November is National Adoption Month!
Since we are in the process of trying to adopt a child through foster-adoption, this month is especially important to us. So, throughout November, I will post on various topics about adoption, in hopes of raising awareness for those children in need.
I was personally curious how November became National Adoption Month, so I did some research.
It has been celebrated for 34 years, starting in 1976 when former Governor of Massachusetts, Michael Dukakis, declared an adoption week to promote awareness for the need of adoptive families for those children in the foster care system.
Then, in 1984, former President Ronald Reagan proclaimed the first National Adoption Week, under Proclamation 5280. This full week of awareness was formed largely from the Adoption and Welfare Act of 1980. This federal law, enacted on June 17, 1980, directly targeted the growing issue of foster children placements in multiple foster homes. This act promoted the idea that a permanent placement with a foster family (if reunification with the birth family is not possible,) is in the best interests of the foster child. Funding for foster/adoptive families is also included in this act. Prior to 1980, it was left to the individual state's discretion to provide funding to foster/adoptive families; yet, with this act, all states were mandated to offer subsidies (in the form of financial assistance) to adoptive families.
In 1995, under former President Clinton's leadership, Proclamation 6846 was passed, expanding adoption week to the entire month of November. In celebrating National Adoption Month, Clinton said that while recognizing the achievements of raising adoption awareness, it is also vital to look at how much work still needs to be done. In 1998, Clinton directed the Department of Health and Human Services to develop a unique and targeted plan to utilize the Internet as a key tool in finding homes for foster children.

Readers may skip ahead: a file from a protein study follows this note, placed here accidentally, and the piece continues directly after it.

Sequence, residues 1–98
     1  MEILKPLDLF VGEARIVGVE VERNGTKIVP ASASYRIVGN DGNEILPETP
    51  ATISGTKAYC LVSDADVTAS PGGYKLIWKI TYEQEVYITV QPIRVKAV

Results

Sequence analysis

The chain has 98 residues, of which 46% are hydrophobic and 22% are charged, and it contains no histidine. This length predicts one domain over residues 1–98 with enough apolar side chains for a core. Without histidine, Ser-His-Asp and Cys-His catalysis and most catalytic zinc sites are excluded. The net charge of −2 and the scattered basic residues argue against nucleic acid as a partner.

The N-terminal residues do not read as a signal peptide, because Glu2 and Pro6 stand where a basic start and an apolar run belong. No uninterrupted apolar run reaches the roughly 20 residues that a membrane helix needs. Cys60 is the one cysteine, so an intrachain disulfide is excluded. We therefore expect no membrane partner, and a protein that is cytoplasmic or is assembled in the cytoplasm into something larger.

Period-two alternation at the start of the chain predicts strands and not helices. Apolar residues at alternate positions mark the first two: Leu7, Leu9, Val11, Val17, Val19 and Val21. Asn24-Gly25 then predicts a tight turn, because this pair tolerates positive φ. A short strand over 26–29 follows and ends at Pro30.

Each year, in early November, the President issues an official proclamation to announce National Adoption Month. Last year, included in President Obama's proclamation, was the reminder that over 100,000 children are still without the basic need; that need of a family. In 2010, President Obama signed the International Adoption Simplification Act, which removed unnecessary barriers in international adoption. This Simplification Act, in conjunction with the Adoption Tax Credit (expanded as part of the Affordable Care Act,) makes adoption more affordable to families.
Many state governors also issue state proclamations in November to help raise adoption awareness and encourage citizens to become involved in helping children in the foster care system.
Although adoption may not affect you directly, chances are, it is important to someone you know. If anything this November, at least become aware of the importance of finding forever families for the children in need. Finding families for children in foster care is not an issue that will ever go away. The need for awareness is constant and two-fold. While we raise awareness for the children in need, it is important to remember that many families (like ours) would not be able to build our family tree without adoption.